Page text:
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Detachment From Nature During Pandemic Linked With Depression, Anxiety Symptoms

January 20, 2021

Having less access to nature during lockdowns early in the COVID-19 pandemic was associated with reported symptoms of depression and anxiety, researchers reported in the journal Science of the Total Environment. Below, researcher Sarai Pouso, PhD, explains the findings and what they mean for mental health clinicians treating patients as the pandemic continues.

Q: What led you and your colleagues to study the connection between access to nature and mental wellness in people under lockdown during the COVID-19 pandemic?

The study was mainly inspired by two issues: The first reason was to note how differently social distancing measures were impacting me, compared to my family and friends. When the first wave of COVID-19 arrived in Europe, I had recently moved from Spain to Norway. In Norway, the social distancing measures were relatively mild. Despite the closure of shops, restaurants, and preference for remote working, I had a lot of time to enjoy the nature and practice outdoor activities. However, my family and friends in Spain were having a much more complicated experience: they were in strict lockdown and they could only go out for very specific tasks (essential jobs, shopping, or medical reasons). Generally, I noticed that they were sadder and more nervous. Most of them were spending much more time than usual in their gardens and terraces.

The second reason was that prior to the outbreak, during a summer school organized by my PhD supervisor, co-author Dr. Angel Borja, I became familiar with work developed by researchers from the European Centre for Environment and Human Health at Exeter University (Dr. Mat White and Professor Lora Fleming, co-authors) on the positive impacts of nature exposure on human physical and mental health.

After talking with my mentors from [the Basque technology center] AZTI, Drs. Maria C. Uyarra and Angel Borja, we came up with the idea of developing a questionnaire to be able to link all these concepts: lockdown severity, contact with nature and mental health. We asked colleagues from Exeter (Dr. White and Professor Fleming) and Norway (Professor Erik Gómez-Baggethun) to join us, and with their collaboration, we were able to design and carry out the research.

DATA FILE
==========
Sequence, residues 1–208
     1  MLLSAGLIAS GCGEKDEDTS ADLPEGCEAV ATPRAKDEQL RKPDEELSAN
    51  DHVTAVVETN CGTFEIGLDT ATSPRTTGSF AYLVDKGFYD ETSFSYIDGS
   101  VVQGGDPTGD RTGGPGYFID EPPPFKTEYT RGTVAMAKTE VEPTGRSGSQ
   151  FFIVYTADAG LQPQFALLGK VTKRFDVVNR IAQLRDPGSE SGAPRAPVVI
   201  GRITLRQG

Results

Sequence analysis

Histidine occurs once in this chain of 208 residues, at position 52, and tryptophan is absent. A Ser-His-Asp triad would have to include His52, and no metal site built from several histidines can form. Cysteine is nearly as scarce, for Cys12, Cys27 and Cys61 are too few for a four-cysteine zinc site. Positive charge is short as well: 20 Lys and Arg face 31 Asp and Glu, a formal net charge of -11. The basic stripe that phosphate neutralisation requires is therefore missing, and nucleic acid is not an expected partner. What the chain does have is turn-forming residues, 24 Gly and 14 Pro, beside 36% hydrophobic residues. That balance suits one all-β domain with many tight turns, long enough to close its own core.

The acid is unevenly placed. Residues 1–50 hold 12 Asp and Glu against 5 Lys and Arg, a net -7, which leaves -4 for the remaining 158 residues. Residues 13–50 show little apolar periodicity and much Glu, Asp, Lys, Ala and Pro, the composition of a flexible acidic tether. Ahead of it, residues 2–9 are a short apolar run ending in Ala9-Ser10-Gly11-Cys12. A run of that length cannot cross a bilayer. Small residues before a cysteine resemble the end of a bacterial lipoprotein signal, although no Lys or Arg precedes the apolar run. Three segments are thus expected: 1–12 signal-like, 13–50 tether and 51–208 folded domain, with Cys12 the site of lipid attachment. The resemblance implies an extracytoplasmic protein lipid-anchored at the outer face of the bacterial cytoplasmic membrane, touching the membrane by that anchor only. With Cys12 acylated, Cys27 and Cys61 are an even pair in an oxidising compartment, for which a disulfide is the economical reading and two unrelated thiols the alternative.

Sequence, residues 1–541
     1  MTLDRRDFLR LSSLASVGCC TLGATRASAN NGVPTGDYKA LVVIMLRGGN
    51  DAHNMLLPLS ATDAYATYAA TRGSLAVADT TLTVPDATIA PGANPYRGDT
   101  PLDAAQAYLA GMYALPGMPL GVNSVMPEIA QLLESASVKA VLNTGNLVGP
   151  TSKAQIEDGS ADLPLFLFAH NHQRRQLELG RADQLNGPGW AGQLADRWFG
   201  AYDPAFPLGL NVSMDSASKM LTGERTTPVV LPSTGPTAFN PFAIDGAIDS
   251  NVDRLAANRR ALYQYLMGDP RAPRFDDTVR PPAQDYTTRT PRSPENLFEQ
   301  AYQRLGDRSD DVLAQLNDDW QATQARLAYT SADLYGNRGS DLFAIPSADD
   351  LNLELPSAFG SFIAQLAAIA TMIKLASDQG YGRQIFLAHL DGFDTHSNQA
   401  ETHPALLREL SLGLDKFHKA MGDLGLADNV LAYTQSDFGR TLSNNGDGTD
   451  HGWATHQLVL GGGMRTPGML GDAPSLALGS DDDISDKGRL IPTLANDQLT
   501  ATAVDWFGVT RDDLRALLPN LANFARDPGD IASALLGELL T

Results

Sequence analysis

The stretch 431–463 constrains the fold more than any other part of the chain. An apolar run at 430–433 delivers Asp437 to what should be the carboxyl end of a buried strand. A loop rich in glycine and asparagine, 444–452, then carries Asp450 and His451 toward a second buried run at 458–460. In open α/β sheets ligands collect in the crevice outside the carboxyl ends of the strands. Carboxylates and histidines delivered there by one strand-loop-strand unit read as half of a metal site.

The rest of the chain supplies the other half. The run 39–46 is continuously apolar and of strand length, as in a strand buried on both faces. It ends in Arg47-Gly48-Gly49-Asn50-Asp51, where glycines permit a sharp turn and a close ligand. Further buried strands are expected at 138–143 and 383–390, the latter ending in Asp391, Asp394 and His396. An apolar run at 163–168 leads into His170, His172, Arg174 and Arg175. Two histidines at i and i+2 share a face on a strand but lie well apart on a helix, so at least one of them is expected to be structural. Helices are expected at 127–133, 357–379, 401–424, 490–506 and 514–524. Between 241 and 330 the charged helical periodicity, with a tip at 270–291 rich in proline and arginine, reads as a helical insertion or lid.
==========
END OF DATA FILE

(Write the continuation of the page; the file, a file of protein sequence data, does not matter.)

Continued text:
Q: Please briefly describe the study method and your most significant finding(s).

A: We developed and distributed an online and anonymous survey during the first wave of COVID-19. The survey was designed in English and Spanish, and in less than 3 weeks we were able to collect 6769 answers from 77 countries.

The main conclusions are: First, people who were under strict lockdown (eg, Italy and Spain) were more likely to report symptoms compatible with depression and anxiety, compared with countries with more relaxed lockdowns where people could still visit natural places such as parks (eg, the United Kingdom and Norway). Second, among people under strict lockdown, having access from home to outdoor spaces (eg, garden, balcony) and having window views to open spaces or natural elements (eg, sea, coast, park, forest) decreased the probability of reporting symptoms of depression.

The positive effect of access to outdoor spaces and nature views from home was far less important in countries where people were allowed or encouraged to visit parks and other natural locations. Of course, if you still have access to natural locations, having a terrace or nature views from home is less important. But when the only way in which you can “reach” nature is what you can access or see from home, the effect of those elements becomes much more important.

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